Heeramaneck Thangkas at Yale
On the surface, “Himalayan Collections of Yale” means one thing: the University’s incredible trove of physical resources—paintings, photographs, correspondence—from the region. But in this class, we’ve learned that the title has a second, and equally important meaning: the scholars, faculty and support staff who dedicate their time to studying, cataloguing and digitizing the physical collection.
This exhibit, Heeramaneck Thangkas at Yale, is about both of these “collections”: an exhibit on the Yale University Art Gallery's Heeramaneck collection of Tibetan thangkas wrapped in a larger exhibit about the people, process and potential problems behind creating such an exhibit.
BIOGRAPHY THROUGH ICONOGRAPHY
Our more traditional exhibit is based in the YUAG’s Heeramaneck collection of eighteen thangkas. One of the most important Himalayan art collections of the 20th century, the thangkas were a gift of Alice and Nasli Heeramaneck in 1988. From that collection, we chose to focus on five biographical thangkas. Though varied in subjects—the Third Dalai Lama, Abhayakaragupta, Khedrup Je, the Fifth Dalai Lama, and Taranatha—the paintings are united by the way they provide a window into the larger usage of thangkas: as a means of meditation to aid the viewer along the path to enlightenment.
THE CHALLENGES OF CONSERVATION AND DIGITIZATION
As we learned from Lama Tsondru, who runs a school for formal thangka painting training in Connecticut, when it comes to thangkas, the process is just as important as the product. Mirroring that, the second part of our project details the process and the people—the other Himalayan collection at Yale, in our view—with whom we worked to produce the first part. As we discovered, this collection of people is just as siloed and segregated as the physical collection. For this exhibition, we have drawn from conversations with people accross a multitude of disciplines at Yale University. This project aims to bring them together and highlight the work and challenges of producing a very modern exhibit on these ancient artifacts.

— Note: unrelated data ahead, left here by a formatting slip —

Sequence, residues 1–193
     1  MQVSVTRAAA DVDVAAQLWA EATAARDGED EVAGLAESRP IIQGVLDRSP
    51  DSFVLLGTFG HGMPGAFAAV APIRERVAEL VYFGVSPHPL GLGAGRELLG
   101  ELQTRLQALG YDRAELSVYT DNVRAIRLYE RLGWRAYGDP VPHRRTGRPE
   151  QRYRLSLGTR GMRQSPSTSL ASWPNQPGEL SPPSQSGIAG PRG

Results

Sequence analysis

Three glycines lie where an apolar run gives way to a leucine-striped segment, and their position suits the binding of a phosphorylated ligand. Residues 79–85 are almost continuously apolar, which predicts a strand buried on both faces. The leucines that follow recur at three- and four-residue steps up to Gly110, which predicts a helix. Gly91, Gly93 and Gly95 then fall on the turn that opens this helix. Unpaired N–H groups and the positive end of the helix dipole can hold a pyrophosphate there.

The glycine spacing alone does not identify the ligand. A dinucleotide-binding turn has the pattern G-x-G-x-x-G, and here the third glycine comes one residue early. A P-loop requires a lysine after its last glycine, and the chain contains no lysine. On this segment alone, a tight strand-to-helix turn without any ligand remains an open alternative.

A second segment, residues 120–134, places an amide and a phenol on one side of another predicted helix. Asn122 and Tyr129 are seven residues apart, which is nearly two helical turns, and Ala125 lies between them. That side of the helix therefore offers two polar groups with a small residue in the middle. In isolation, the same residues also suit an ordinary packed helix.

During the course of this project, we had the pleasure of working with Yale's collection outsanding experts in a variety of fields. We'd like to thank: Professor Andrew Quintman (Religious Studies), Professor Tamara Sears (History of Art), Professor Mimi Yiengprusksawan (Director of Undergraduate Studies, History of Art), Christine McCarthy (Chief Conservator, University libraries), Dr. David Sensabaugh (Curator of Asian Art, YUAG), and Chris Edwards (Digital Project Manager, University libraries). We also drew heavily from the notes of Dr. Amy Heller, noted Tibetologist, and art historian whose curatorial work as a graduate student at Yale inspired much of our project.
Ryan Healey + Cristina Vere Nicoll